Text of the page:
The yield curve inverted further this week, stoking more fears that a recession will soon hit the United States. But after 10 years of economic growth, a tight labor market, and a stock market that has reached record highs, who will bear the brunt during a recession?
If history were to repeat itself, minorities will be the hardest hit during a recession, thanks to its impact on housing and the job market, according to data and studies gathered during the Great Recession a decade ago. The net worth of the typical household dropped by a staggering 40% (roughly $50,000), erasing some two decades of gains for each household in just three years. But the recession did not impact everyone equally, hitting blacks and Hispanics harder than other groups.
A silent economic depression
A 2011 Pew Research report found that by the time the Great Recession ended in 2009, that median wealth fell by 66% for Hispanics and 53% for black households. That’s compared to just 16% among white families. “As a result of these declines,” the report noted, “the typical black household had just $5,677 in wealth (assets minus debts) in 2009; the typical Hispanic household had $6,325 in wealth; and the typical white household had $113,149.”
Minorities were also hit hard when the housing bubble burst, which eventually triggered the recession in 2007. Homeownership rate for Hispanics fell, hitting 47% in 2009 from 51% in 2005. The study notes that this might be due to the “disproportionate share” of Hispanics who live in California, Florida, Nevada, and Arizona — some of the states that saw the steepest declines in housing values since the real estate market bubble in the 1990s. According to the National Association of Realtors, by 2009, the black homeownership rate was 44.5%, down from 49% in 2004. The white homeownership rate by the end of the recession was 71%, down from 76% just 5 years prior.
Minorities also suffered the most when the economic downturn caused the unemployment rate to soar. According to a 2010 study from the Institute of Government & Public Affairs at the University of Illinois, some 8.1 million jobs were lost since the start of the recession in December 2007. By October 2009, the unemployment rate for whites was 9.5%. It was 15.7% for blacks, and 13.1% for Hispanics. “Many American Blacks today are already experiencing a silent economic depression that, in terms of unemployment, equals or exceeds the Great Depression of 1929,” states the 2009 report “The Silent Depression,” from the nonpartisan organization United for a Fair Economy.
Shut out from recovery
Despite the gains made in the economy over the last decade, blacks and Latinos have not made as large strides during this economic recovery as their white counterparts. Simply put, minorities haven’t made enough gains to weather a new impending storm.
On a national level across all races, the top 1% captured 85% of post-recession income growth from 2009 to 2013, according to an Economic Policy Institute study on income inequality. In some states, they recovered 100% of those gains. But when broken down by race, blacks and Hispanics haven’t fared as well as their white counterparts.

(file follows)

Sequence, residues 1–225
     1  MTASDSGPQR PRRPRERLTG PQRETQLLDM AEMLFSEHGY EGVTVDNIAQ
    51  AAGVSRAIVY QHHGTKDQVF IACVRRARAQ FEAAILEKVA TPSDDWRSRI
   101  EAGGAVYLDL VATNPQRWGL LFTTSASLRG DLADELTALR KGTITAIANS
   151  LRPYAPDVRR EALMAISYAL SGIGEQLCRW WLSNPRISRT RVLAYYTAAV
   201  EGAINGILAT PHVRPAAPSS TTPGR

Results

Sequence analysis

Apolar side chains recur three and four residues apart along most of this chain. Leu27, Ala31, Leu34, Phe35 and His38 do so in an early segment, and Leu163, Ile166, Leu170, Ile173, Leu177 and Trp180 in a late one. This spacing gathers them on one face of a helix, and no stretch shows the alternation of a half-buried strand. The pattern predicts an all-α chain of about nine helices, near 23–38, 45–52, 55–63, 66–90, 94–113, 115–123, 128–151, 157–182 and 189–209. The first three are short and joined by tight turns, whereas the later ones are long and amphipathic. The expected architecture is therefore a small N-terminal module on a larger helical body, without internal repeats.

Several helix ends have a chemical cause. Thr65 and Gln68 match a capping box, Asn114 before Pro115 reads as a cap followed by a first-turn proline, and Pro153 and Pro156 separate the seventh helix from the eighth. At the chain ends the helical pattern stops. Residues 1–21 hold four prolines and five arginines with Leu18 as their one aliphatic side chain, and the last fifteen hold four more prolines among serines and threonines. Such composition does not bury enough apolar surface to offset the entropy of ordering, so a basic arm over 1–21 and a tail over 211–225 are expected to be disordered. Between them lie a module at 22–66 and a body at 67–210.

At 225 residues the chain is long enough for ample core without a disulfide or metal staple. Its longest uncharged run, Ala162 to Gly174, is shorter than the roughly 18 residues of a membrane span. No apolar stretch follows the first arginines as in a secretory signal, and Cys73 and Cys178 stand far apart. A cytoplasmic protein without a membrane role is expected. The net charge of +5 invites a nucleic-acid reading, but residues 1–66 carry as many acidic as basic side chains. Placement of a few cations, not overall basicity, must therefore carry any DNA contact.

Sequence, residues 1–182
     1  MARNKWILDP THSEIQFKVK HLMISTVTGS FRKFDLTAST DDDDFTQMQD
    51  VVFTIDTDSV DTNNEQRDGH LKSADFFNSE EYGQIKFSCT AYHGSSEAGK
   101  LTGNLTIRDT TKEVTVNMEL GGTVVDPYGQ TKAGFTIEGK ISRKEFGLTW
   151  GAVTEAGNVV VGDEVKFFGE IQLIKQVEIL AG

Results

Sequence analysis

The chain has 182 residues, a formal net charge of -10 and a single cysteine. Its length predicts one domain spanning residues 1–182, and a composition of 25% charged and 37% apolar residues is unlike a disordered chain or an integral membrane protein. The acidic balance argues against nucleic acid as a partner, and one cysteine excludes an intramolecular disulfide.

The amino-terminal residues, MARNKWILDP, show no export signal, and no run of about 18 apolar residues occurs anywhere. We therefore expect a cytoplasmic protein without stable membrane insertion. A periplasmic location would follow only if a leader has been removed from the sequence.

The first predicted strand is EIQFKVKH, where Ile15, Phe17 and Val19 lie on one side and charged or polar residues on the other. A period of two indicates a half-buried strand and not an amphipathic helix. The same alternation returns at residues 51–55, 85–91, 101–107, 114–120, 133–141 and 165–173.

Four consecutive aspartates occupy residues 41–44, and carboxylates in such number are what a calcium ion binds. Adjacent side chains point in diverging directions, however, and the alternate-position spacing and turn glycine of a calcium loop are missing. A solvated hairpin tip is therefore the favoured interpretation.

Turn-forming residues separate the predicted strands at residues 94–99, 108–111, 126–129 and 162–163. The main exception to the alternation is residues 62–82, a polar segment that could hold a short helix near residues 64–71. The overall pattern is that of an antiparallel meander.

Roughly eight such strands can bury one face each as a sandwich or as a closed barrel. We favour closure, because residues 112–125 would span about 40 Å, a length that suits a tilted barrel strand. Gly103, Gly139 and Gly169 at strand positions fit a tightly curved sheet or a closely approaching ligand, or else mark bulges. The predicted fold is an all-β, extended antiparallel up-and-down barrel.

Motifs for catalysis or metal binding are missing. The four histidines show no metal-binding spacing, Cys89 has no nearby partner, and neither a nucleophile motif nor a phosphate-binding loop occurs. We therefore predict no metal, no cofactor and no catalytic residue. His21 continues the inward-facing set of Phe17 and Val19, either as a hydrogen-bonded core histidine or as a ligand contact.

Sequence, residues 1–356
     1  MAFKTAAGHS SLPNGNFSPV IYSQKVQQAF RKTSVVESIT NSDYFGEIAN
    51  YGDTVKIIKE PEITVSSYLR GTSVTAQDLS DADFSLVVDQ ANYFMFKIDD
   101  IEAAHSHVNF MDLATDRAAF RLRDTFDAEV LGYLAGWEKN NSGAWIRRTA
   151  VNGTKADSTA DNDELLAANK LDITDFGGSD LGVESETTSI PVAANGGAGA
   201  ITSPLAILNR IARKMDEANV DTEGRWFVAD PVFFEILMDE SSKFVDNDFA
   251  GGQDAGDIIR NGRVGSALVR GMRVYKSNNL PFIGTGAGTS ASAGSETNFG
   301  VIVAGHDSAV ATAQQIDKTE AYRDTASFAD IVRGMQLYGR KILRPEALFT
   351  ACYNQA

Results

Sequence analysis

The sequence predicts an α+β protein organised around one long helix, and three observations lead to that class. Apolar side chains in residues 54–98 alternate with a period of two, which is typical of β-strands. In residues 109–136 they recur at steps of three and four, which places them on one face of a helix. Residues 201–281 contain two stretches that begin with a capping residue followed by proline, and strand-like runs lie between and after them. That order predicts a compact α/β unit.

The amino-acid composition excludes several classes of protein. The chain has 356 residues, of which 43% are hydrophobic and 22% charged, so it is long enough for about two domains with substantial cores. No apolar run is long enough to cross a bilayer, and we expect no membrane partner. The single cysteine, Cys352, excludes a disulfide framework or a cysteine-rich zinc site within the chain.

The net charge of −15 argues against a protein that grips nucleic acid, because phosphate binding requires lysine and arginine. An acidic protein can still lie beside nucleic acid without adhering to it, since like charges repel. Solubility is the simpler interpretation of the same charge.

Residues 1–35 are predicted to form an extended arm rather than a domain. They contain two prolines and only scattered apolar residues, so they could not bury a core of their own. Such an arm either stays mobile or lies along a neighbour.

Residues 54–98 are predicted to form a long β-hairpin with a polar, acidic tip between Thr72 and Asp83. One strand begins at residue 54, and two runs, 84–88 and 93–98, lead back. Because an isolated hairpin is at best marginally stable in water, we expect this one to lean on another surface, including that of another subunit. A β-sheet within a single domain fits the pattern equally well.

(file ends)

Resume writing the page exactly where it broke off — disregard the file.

In 2016, according to Pew Research, the U.S. median wealth — or the total of all assets — for white families was $171,000, compared to the national median wealth of $97,300. In 2016, the median figure for African Americans was 10 times lower than their white counterparts, at roughly $17,100. That’s less than half the median black wealth 35 years ago. Hispanics fared slightly better, with a median wealth of close to $21,000.
Unsurprisingly, this racial wealth inequality means that minority communities are disproportionately impacted by poverty. In 2016, roughly 31% of black and 27% of Hispanic children lived in poverty. That’s compared to 11% of white children.
Though the current labor market continues to be hot, unemployment rates for African Americans are twice as high as that of white workers. Meanwhile, adult black poverty rates are more than double that of their white counterparts. According to the EPI, the black poverty rate was 22% in 2016; the same year, it was 8.8% for white Americans. The national poverty rate, by contrast, was 12.7%.
Homeownership rates for black Americans have continued to decline through the years — currently, white homeownership rates sit at roughly 73%, according to the Census Bureau. By contrast, the homeownership rate for Hispanics is just under 47%. Blacks fare the worst of all the races, with a homeownership rate of under 41% — lower than during the Great Recession.
The next recession
This news may be troubling, but it’s largely expected that the next recession won’t be as bad as the last one. Moreover, analysts are undecided whether the inverted yield curve indicates an upcoming recession.
President Donald Trump’s trade war with China has plunged markets into chaos, while GDP growth and hiring is starting to slow, and global economies have started to weaken. Yet consumer confidence remains high, and the U.S. economy continues to be strong by many measures.
But no matter when a recession hits — either within the next two years, or longer, it will be minorities who will struggle the most.
Kristin Myers is a reporter at Yahoo Finance. Follow her on Twitter.